In 1999, Robert Sutherland published Diaries of a Friendship, his account of di Stefano and Callas's disastrous recital tour of 1973-74, for which he was the accompanist. Callas and di Stefano had become lovers, although their relationship both on and off the stage was tempestuous, and Sutherland recounted that di Stefano would provoke Callas into a rage because he thought it made her sing better, although it "simply caused her a great deal of unnecessary distress," said Sutherland. He contrasted the methods of the two: "She spent her career searching for perfection. He believed he was born with it." After the tour, Callas never again sang in public.
In 1989 di Stefano published L'arte del canto; although art was not a quality he brought to his own singing, whose greatest virtue lay in its naturalness, the central section of the book, "Adventures of a young tenor", gives a fascinating and hilarious account of di Stefano's life up to that moment when he sat in his dressing-room at La Scala in 1948 waiting to make his first entry and heard the fateful words: "Third call – third call".
Giuseppe di Stefano, opera singer: born Motta Santa Anastasia, Italy 24 July 1921; married 1949 Maria Girolami (one son, and one daughter deceased), 1994 Monica Curth; died Santa Maria Hoe, Italy 3 March 2008.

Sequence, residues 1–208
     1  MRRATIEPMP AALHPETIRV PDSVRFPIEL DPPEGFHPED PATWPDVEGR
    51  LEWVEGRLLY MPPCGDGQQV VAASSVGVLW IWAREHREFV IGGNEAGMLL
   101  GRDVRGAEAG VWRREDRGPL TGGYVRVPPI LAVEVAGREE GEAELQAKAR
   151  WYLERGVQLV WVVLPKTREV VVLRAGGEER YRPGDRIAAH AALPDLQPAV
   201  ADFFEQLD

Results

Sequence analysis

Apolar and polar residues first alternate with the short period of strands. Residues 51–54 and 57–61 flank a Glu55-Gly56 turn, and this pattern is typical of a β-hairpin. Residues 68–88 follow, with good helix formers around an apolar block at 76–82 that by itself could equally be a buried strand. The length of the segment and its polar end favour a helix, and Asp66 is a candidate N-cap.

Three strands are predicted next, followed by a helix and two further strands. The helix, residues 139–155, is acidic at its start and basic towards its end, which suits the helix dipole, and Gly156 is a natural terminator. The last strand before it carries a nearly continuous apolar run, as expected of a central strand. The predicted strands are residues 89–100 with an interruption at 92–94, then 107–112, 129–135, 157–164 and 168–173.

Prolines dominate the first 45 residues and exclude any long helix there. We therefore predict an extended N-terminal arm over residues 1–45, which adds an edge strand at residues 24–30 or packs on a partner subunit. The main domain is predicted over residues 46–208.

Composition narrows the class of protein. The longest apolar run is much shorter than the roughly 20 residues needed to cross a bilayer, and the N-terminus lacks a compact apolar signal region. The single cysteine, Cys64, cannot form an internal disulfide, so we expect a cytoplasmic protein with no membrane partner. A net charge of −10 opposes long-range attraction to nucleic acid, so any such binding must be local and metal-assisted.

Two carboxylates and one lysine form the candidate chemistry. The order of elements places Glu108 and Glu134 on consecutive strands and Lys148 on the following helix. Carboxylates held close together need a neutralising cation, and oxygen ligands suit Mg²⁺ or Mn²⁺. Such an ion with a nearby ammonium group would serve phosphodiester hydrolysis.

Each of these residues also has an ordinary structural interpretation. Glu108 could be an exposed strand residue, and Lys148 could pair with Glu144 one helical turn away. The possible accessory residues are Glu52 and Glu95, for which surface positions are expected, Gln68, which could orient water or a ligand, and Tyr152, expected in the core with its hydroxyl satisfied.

- 1 2015 General Election: Green party will not appear in TV debate alongside Ukip – says BBC
- 2 Canadian actor punched in face after 'Islamophobia' experiment goes wrong in wake of Ottawa shooting
- 3 Topshop at centre of row over body image as 'shocking' skinny mannequin photo goes viral
- 4 Kentucky gang rape: 15-year-old boy left in critical condition after sexual attack by group at party
- 5 Of course, teenage girls need role models – but not like beauty vlogger Zoella
Pope Francis declares evolution and Big Bang theory are real and God is not 'a magician with a magic wand'
Huge surge in Ukip support after EU funding row, according to new poll
Ukip ‘exploiting grooming scandal’ to secure party’s first police chief
Nigel Farage: 'There’s nothing wrong with white people blacking up'
Maureen Lipman says 'she can't vote Labour while Ed Miliband is leader'
Muslims, immigration and teenage pregnancy: British people are ignorant about almost everything
vary Attractive Salary: Austen Lloyd: MANCHESTER - AN OPENING AT A VERY HIGH Q...
£100 - £110 per day: Randstad Education Ilford: Nursery Manager Long term Ran...
£24000 - £25000 Per Annum plus company car and commission: Clearwater People S...
£45 - £65 per day: Randstad Education Bristol: Supply SEN Support Jobs in Bris...